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Scheduled Tasks

Peering Manager can run scheduled tasks to speed up some processes.

Before adding any of these tasks in a cron file, make sure that they use the Python virtual environment if you have one for Peering Manager (you should).


Most of actions that users make in Peering Manager are logged. There are two kind of logs: change logs and job results. The retention periods for these logs are defined with two configuration settings: CHANGELOG_RETENTION and JOBRESULT_RETENTION.

By default, changelog and job results will not be cleaned unless users run the command for it. This command also checks the availability of new releases and clean stale user sessions.

The housekeeping command is intended to be run regularly, at any interval users want.

# venv/bin/python3 housekeeping

Caching in the Local Database

Since it is based on the PeeringDB API, querying these API can take quite a lot of time depending of the data that is needed to be retrieved. To avoid such time loss, Peering Manager is able to cache some of this data in its local database. This is required if you want to use PeeringDB data inside Peering Manager.

Assuming that Peering Manager is installed at /opt/peering-manager the following command will retrieve data from PeeringDB and store it locally. It will also take care of updating data from AS you are peering with if they have matching PeeringDB records.

# venv/bin/python3 peeringdb_sync

Note: PEERINGDB_API_KEY must be set in configuration if you wish to sync Email Contacts from PeeringDB.

This command does not need to be run very often. For example, running it every 5 minutes is overkill, running it once a day should be enough.

The first cache synchronization can take a lot of time due to the amount of data to be stored. Later runs will be faster because only the differences with the previous synchronization will be retrieved.

If the --tasks flag is set, it will schedule a background task.

This command can be called with the --flush option to remove synchronized items. Flushing cannot be run as a background task.

# venv/bin/python3 peeringdb_sync --flush

Automatic Configuration Deployment

If Peering Manager is used to generate configuration stanzas and push them to routers, this task can be automated using the given command.

# venv/bin/python3 configure_routers --no-commit-check

This will generate the configuration for each router and push it. If there are no new peering sessions to be deployed, this command is also useful to deploy any new configuration information, such as maximum prefix changes peers may have made against existing peering sessions.

If the --no-commit-check flag is set, the command will try to push the configuration on the router without checking if there are any changes to be deployed.

If the --limit flag is set, it expects a list of router hostnames on which the new configuration must be installed. The router hostnames must be separated by commas without spaces.

If the --tasks flag is set, it will schedule background tasks for running multiple configuration processes instead of running it as part of the command process.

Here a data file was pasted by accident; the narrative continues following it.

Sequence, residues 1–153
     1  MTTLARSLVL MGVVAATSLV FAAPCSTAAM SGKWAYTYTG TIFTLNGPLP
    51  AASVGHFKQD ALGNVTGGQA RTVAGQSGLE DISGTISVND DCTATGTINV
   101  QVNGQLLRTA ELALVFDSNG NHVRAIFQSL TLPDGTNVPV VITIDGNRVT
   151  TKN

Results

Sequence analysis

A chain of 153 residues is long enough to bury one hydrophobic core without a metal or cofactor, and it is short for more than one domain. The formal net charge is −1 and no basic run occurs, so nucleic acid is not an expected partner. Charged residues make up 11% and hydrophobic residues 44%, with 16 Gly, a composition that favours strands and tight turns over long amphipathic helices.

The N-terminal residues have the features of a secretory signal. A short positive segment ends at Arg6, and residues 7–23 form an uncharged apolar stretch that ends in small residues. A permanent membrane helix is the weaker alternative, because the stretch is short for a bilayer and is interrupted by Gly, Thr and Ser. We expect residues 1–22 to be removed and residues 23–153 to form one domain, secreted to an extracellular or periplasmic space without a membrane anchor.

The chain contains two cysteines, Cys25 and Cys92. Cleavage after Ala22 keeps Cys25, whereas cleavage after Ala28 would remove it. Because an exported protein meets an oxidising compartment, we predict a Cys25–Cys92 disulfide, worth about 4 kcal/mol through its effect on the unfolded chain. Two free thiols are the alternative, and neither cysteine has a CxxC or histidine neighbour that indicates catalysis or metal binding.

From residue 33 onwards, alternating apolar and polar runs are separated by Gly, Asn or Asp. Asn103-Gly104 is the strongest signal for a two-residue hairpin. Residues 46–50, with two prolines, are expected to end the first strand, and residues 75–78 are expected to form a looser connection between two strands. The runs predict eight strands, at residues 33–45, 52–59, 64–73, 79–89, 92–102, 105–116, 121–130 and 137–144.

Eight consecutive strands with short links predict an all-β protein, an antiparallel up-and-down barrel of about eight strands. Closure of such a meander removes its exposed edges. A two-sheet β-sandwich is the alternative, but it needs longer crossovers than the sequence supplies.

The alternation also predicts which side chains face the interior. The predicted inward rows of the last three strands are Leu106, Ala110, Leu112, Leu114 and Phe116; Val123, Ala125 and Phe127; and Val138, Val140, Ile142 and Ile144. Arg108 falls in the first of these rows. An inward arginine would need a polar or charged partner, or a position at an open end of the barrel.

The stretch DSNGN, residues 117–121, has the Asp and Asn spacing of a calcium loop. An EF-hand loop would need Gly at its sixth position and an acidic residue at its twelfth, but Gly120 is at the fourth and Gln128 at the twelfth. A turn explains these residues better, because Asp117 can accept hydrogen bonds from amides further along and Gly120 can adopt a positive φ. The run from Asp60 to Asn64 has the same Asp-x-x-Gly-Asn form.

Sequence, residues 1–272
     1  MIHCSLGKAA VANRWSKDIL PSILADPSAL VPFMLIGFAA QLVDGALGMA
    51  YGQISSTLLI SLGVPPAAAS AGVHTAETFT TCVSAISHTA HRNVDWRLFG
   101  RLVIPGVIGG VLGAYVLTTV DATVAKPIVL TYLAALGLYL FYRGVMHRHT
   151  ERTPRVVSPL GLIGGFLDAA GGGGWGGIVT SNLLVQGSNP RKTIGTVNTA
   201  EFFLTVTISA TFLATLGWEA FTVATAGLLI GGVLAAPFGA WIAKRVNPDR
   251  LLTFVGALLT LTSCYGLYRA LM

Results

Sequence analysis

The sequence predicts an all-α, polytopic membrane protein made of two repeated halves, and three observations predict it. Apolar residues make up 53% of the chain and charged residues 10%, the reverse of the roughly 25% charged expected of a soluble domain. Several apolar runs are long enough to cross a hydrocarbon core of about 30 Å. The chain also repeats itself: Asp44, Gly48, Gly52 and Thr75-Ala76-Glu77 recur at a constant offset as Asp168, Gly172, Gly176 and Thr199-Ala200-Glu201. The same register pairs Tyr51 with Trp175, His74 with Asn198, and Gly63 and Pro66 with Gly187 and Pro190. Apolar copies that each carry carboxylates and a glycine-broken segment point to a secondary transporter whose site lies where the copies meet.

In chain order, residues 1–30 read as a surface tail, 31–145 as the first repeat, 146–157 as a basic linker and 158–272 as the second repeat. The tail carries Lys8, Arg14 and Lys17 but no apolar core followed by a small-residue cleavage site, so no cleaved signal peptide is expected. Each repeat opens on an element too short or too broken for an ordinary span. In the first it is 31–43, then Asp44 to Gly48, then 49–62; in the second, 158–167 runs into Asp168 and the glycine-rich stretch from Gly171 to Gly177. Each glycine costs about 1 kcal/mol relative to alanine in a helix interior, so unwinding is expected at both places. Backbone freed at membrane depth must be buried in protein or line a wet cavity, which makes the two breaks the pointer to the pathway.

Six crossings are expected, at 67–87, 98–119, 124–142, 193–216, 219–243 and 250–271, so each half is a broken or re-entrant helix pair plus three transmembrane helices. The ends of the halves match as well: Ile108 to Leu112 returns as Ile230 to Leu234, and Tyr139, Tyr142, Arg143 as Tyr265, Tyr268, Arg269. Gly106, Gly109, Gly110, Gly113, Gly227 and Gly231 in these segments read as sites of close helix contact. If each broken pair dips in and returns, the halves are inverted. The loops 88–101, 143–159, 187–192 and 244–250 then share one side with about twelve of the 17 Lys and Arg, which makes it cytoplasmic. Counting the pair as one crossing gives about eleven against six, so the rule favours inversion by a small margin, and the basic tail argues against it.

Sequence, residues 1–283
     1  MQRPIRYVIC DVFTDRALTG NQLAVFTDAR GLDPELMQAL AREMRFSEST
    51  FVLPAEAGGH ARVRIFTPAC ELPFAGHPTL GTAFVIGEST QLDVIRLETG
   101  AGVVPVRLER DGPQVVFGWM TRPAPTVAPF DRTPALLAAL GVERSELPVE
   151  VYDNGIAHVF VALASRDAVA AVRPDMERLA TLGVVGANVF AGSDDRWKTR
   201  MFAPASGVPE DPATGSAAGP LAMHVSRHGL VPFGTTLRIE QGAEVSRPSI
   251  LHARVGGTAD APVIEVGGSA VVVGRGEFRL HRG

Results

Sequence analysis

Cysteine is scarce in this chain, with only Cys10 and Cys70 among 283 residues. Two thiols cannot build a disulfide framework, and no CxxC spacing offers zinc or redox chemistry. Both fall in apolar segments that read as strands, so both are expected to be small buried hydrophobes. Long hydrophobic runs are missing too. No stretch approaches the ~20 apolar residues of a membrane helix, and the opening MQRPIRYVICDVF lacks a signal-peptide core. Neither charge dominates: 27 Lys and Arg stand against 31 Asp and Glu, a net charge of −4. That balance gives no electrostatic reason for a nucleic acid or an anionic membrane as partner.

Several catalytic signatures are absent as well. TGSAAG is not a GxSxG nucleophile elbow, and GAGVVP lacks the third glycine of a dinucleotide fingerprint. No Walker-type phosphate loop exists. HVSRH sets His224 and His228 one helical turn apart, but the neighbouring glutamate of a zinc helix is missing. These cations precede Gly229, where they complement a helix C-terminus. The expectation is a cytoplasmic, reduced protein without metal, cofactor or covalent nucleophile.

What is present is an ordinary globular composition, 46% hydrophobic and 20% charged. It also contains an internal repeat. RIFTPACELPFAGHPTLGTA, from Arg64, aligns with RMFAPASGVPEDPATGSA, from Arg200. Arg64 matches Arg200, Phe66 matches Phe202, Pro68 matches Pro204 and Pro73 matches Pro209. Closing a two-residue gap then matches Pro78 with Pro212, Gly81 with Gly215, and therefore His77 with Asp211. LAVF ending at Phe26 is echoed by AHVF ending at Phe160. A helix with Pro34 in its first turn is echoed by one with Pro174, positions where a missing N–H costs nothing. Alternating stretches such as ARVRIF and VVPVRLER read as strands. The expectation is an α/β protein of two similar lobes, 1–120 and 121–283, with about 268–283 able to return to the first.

If no configuration template is attached to a given router, it will be ignored during the execution of the task.

Poll BGP Sessions

Poll BGP sessions to update values shown in Peering Manager. The sessions must be attached to a router, via a BGP group or a connection to an IXP for them to be polled. The router must be enabled for polling too.

A --limit flag is available to limit the polling process to a given set of routers, thanks to a comma separated list of hostnames.

A --tasks flag is available to schedule background tasks for running multiple polling processes instead of running it as part of the command process.

# venv/bin/python3 poll_bgp_sessions

Storing IRR AS-SET Prefixes

Calling bgpq3 each time to generate a prefix list for an autonomous system is quite time consuming, even more if the prefix list is large. A command is provided to perform the bgpq3 calls and store the results in the database for later use. A lookup in a database being less time consuming, this can improve prefix list generation in template significantly. Note that there are no invalidations of the prefixes found in the database, so make sure to run this command at regular intervals to keep data up-to-date.

# venv/bin/python3 grab_prefixes --limit 100

If the --limit 100 flag is set, the command will not store prefixes for an IP family if the number of prefixes is greater than 100. This can help to avoid storing large number of prefixes for a single autonomous system, preventing out of memory errors for future database lookups.

Automatic execution

To avoid executing these commands by hand (which could be annoying) they can be run automatically.


Beside the systemd units for the main application and worker, the contrib repository also contains units to run the previously metioned tasks. After copying the files, you have to enable the timer units you want to use by running systemctl enable peering-manager_peeringdb-sync.timer --now.


30 1 * * * user cd /opt/peering-manager && venv/bin/python3 housekeeping
30 2 * * * user cd /opt/peering-manager && venv/bin/python3 peeringdb_sync
55 * * * * user cd /opt/peering-manager && venv/bin/python3 configure_routers
0  * * * * user cd /opt/peering-manager && venv/bin/python3 poll_peering_sessions --all
30 4 * * * user cd /opt/peering-manager && venv/bin/python3 grab_prefixes